While UPI has most certainly delivered on its initial expectations by becoming the interface of choice, its potential has not been leveraged fully
In our CIO&Leader October Cover Story, we examined the rise of Unified Payment Interface (UPI) that has revolutionized digital payment. Monthly UPI transactions have grown 20 times in the past three years. Unlike wallets, which democratized digital payments but did not push up transaction value much, UPI has grown in terms of value too. Overall, it is a great story.
But this growth in volumes and lack of corresponding modernization in technology has led to errors or technical declines. That has been covered in media extensively.
UPI was built as the world’s first truly open and decentralized platform during Raghuram Rajan’s stint as the RBI governor. Rajan, who was passionate about bringing down the cost of financial transactions in India and creating a level playing field for both the new players and existing players in the financial sector, envisaged UPI as an open interface that would bring in fair competition and thus usher in innovation.
But while UPI has most certainly delivered on its initial expectations by becoming the interface of choice, its potential has not been leveraged fully. Handling a great idea requires as much vision as thinking of a new one.
Our story, while celebrating the success of UPI and the impact that it has created, also gets into the not-so-positive sides (of swelling errors or technical declines), which, if not addressed immediately, can impact its popularity severely.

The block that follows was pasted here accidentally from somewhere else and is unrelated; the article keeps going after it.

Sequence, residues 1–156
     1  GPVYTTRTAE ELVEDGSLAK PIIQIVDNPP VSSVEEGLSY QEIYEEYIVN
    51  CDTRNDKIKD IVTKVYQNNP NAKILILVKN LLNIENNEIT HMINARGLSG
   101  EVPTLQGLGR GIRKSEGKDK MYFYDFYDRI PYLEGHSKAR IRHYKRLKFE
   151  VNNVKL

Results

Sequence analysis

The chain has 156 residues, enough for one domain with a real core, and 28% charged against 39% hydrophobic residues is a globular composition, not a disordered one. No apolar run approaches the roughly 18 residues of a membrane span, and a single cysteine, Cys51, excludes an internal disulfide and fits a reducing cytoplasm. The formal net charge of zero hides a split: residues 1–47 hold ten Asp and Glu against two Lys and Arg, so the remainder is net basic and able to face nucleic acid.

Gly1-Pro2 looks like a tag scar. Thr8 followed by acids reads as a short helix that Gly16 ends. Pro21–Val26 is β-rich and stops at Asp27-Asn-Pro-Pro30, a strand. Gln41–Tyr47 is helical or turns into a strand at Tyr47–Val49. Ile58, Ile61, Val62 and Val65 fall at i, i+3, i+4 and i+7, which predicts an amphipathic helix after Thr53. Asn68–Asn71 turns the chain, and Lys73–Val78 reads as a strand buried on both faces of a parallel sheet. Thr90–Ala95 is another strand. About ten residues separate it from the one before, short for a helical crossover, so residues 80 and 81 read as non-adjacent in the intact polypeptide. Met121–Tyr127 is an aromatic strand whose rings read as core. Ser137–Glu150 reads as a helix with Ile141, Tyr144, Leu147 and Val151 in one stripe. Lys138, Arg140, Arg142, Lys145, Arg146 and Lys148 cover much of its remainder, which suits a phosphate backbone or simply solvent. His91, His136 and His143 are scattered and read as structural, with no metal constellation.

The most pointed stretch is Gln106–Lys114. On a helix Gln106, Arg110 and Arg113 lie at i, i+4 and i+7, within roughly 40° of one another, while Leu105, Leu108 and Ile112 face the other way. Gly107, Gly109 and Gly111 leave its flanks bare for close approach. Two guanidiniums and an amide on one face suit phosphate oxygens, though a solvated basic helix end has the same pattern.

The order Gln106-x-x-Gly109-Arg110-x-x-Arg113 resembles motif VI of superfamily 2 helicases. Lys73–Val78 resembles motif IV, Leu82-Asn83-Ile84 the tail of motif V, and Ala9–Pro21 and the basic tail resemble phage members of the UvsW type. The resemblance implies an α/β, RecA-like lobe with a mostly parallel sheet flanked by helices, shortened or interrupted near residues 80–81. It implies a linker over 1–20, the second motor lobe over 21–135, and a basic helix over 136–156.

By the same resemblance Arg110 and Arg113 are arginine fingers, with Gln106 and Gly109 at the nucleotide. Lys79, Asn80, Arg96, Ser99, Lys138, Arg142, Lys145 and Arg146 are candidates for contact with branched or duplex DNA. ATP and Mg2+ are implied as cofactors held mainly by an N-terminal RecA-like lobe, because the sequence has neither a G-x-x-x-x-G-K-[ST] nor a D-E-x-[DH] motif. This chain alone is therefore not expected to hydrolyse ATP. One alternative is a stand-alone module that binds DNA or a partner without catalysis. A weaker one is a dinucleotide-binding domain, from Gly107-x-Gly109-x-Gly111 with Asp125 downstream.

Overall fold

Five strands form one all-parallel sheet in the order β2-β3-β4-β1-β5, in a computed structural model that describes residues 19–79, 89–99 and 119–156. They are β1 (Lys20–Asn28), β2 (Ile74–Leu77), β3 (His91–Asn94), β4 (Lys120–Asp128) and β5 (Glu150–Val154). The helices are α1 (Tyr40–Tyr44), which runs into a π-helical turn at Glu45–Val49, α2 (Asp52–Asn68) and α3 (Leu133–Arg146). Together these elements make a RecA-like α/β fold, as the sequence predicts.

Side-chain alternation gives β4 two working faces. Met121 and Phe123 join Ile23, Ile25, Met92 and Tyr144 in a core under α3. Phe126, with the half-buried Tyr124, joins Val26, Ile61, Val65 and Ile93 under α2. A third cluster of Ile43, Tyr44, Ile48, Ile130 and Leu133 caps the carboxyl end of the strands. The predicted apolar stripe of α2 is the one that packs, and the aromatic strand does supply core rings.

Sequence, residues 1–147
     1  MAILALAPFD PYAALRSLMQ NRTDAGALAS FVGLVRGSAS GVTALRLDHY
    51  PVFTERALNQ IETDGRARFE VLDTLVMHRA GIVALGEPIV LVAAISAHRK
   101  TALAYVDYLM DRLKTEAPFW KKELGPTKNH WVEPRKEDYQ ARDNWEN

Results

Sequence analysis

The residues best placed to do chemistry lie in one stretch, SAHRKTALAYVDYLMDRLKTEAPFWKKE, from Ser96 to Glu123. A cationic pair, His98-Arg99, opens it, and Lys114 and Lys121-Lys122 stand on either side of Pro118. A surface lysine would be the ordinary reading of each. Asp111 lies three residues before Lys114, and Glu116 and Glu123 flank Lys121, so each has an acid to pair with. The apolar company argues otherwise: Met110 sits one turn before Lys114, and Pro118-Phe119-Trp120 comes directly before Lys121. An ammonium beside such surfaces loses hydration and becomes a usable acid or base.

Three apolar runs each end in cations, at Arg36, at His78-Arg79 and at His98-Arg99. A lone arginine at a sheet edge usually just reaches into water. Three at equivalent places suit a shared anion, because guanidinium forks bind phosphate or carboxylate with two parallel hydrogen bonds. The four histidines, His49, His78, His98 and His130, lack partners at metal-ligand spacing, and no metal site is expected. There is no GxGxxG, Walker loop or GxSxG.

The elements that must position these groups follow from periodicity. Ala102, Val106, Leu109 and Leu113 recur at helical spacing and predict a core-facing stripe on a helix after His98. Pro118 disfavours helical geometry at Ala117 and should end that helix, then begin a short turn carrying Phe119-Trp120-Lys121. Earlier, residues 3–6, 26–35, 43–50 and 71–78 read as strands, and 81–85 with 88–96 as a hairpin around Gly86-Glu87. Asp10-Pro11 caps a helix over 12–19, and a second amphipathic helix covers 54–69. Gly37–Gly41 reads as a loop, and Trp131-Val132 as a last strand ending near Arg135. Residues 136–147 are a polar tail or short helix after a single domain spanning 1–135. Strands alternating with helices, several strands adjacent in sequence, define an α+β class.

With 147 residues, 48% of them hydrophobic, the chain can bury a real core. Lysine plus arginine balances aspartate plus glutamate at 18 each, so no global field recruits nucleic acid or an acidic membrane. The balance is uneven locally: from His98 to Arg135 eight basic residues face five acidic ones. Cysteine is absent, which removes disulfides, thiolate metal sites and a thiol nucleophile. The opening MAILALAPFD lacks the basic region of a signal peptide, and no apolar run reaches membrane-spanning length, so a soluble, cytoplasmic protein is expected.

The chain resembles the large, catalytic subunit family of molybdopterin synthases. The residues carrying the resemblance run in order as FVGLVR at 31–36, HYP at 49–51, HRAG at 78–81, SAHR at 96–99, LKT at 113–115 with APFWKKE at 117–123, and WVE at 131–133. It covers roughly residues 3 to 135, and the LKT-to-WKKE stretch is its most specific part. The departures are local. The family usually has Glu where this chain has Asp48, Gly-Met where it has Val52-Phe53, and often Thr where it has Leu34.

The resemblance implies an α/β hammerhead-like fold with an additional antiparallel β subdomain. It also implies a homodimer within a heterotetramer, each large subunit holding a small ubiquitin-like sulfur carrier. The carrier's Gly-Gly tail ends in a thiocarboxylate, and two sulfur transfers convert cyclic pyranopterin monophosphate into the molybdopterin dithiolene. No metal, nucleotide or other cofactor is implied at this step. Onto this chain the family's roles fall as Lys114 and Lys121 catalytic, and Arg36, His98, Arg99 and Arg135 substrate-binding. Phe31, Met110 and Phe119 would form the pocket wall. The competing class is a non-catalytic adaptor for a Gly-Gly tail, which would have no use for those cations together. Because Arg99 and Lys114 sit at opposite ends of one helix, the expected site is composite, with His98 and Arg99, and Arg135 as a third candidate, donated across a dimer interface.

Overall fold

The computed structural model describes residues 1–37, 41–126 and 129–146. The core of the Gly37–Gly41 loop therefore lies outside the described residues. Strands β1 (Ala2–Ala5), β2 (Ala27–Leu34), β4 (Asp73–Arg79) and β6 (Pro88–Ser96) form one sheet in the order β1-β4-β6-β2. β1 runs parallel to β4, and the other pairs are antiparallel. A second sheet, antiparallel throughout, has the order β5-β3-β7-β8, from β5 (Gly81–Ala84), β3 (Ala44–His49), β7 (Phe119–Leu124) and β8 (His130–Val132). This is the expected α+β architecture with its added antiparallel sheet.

As a publication devoted to business technology, we could have got into the technical details. But dissecting syndromes further and further do not help you treat the disease. The problem is bigger. Modernizing technology in banks, especially public sector banks, is a must to get the full benefit of these new innovations.
The rising technical errors in UPI transactions is a good case study of how a gap between newer services and underlying digital infrastructure could lead to issues. UPI is great for users and even merchants who accept the payments. But it has nothing for banks. The government forced the banks to have zero merchant discount rate (MDR) on UPI transactions. So, banks do not gain anything other than more and more requests hitting their servers. A good business proposition (or any idea for that matter) should have benefits for all stakeholders. Here, the biggest players—the banks—have no benefits. It just chokes their infrastructure.
It is early days yet. And it can be tackled before it spirals into a big problem. Allowing banks to charge will be an unpopular decision but it will make the proposition sustainable. Also, bringing back the carrots and sticks for the PSU banks to upgrade technology—as done in the Rajan regime—would be both in their interest and the public’s.